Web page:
Video. Chokanary plant. Leticia, Colombia, 2011.

Extracción + teñido

Extraction + dyeing

Cudi

Arrabidaea chica

Orden: Order: Lamiales

Familia: Family: Bignoniaceae

Género: Genus: Arrabidaea

Especie: Species: Chica

Nombres comunes: Common names: Chivaviri, crajirú, cudio, curi, hojita de teñir, om.

Parte de la planta que se usa para el pigmento: Part of the plant used for pigment: Leaf

Color: Brown

Cudi pigment on paper. 102 x 68 cm

Herbarium. Dried Cudi leaves, sewn on rice paper.
77 x 57 cm. 2013.

Monotype on rice paper made from the dried Cudi leaves.
100 x 65 cm. 2013.

Planta

Plant

Cudi. Leticia, Colombia, 2011.

Descripción general

General Description

Ground, or at times a climber vine, reaching up to three meters tall. The stem is green, same as the leaves, which are oval and elongated. Its tubular flowers vary in color from reddish to violet and are grouped in clusters at the end of the plant. Fruits are enlonged, flattened and similar to a green-bean pod.

Distribución geográfica
e historia natural

Geographic Distribution
and Natural History

Found in tropical America, from Central America to the Amazon. This plant can be easily found growing in the soil of wet tropical forests and undergrowth areas.

Cudi. Leticia, Colombia, 2011.

Distribución geográfica
e historia natural

Geographic Distribution
and Natural History

Found in tropical America, from Central America to the Amazon. This plant can be easily found growing in the soil of wet tropical forests and undergrowth areas.

Cudi macerated and mixed with water. Leticia, Colombia, 2011.

Usos

Uses

Indigenous communities commonly use this plant for medicinal purposes. It has disinfectant, anti-inflammatory, healing, antifungal and antibacterial properties. It is used to treat diarrhea, jaundice, anemia (because of its high levels of iron), nausea and conjunctivitis. Also used to dye textiles and paint the body. Its colorful and attractive flowers make it an ornamental plant as well.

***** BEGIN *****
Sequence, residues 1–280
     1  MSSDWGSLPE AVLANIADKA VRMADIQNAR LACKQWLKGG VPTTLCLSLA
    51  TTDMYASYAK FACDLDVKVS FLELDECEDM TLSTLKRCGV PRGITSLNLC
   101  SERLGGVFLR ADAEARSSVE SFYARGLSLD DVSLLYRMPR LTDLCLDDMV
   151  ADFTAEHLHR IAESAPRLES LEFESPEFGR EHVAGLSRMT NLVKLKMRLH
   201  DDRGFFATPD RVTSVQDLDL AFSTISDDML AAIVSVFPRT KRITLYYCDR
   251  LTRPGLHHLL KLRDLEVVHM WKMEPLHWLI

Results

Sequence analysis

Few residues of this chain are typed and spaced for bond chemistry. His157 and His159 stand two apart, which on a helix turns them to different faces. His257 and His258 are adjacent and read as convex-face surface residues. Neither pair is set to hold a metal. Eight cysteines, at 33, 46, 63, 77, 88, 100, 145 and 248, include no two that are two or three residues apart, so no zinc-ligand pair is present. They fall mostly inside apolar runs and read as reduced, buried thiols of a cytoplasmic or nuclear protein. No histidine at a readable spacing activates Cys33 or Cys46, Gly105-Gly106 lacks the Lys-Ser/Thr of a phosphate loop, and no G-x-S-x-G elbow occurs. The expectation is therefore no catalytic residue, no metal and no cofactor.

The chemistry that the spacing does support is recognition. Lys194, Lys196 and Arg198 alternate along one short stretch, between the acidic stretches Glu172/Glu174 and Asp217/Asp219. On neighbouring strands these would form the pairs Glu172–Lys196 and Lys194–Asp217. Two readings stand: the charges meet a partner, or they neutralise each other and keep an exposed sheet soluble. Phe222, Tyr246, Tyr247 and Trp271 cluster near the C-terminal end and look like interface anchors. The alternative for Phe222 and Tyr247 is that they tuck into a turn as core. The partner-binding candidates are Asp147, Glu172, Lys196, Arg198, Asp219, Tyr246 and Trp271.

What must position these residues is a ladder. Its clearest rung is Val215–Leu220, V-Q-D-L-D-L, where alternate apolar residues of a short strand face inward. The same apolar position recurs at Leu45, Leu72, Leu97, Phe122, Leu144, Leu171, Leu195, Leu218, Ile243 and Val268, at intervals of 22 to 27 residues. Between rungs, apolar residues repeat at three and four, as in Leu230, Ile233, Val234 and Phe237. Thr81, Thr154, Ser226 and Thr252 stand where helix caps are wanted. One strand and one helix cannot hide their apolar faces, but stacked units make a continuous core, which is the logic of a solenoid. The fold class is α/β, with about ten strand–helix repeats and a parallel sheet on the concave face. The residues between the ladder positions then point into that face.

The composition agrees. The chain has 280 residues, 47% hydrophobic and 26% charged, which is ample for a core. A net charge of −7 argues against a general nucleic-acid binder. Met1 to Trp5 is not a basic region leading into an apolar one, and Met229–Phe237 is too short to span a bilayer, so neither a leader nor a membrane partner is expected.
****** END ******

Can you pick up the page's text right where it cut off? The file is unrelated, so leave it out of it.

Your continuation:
Pigmento

Pigment

Cudi produces a brownish-red color when its leaves are macerated. It is a very versatile plant, which produces a high-yielding ink that adheres well on all materials used as surfaces: paper, fique (natural fiber) and cotton. The process requires exposure to heat in order for the color to be properly fixed on the supports.

Video. Cudi plant. Leticia, Colombia, 2011.

Extracción + teñido

Extraction + dyeing

Palo Brasil

Simira cordifolia

Orden: Order: Rubiales

Familia: Family: Rubiaceae

Género: Genus: Simira

Especie: Species: Cordifolia

Nombres comunes: Common names: Palo brasil, pau brasil, pernambuco, menekúu.

Parte de la planta que se usa para el pigmento: Part of the plant used for pigment: Bark

Color: Pink

Palo brasil pigment on paper. 102 x 68 cm

Herbarium. Dried Palo brasil leaves, sewn on rice paper.
77 x 57 cm. 2013.

Monotype on rice paper made from the dried Palo brasil leaves.
100 x 65 cm. 2013.

Planta

Plant

Palo brasil. Leticia, Colombia, 2011.

Descripción general

General Description

A fairly large tree, which grows up to 20 meters in height. The leaves are oblong and are found in the uppermost part of the tree. The tree has a smooth bark, and branches located high on the trunk. Its small, white and beige, bell-shaped flowers cluster at the ends of each branch. Its round, fleshy fruits are opaque in color.

Distribución geográfica
e historia natural

Geographic Distribution
and Natural History

Distributed in tropical America, especially in the Amazon basin. Grows in warm climates and middle and lower mountain areas. This is not a common tree and it is generally found within the forest.

Palo brasil. Leticia, Colombia, 2011.

Distribución geográfica
e historia natural

Geographic Distribution
and Natural History

Distributed in tropical America, especially in the Amazon basin. Grows in warm climates and middle and lower mountain areas. This is not a common tree and it is generally found within the forest.

Color extraction process from the bark of the Palo brasil. Leticia, Colombia, 2011.

Usos

Uses

Palo brasil’s timber is highly prized, used for building numerous objects. Indigenous communities in the Colombian, Peruvian and Ecuadorian Amazon value this tree because of its pigment, which is used to dye fibers for handbags and hammocks. The high regard and demand for timber have resulted in it becoming a threatened species.

Pigmento

Pigment

A range of pink and red tones is obtained after macerating the internal bark of this tree. palo brasil’s color sets well on paper, but not so well on cotton, on which it adheres only mildly. Long periods of exposure to fire are needed for it to set well on fique (natural fiber). Due to the nature of extraction —which requires cutting fragments of the bark of a scarce species—the tree was used as little as possible.

Video. Palo brasil plant. Leticia, Colombia, 2011.

Extracción + teñido

Extraction + dyeing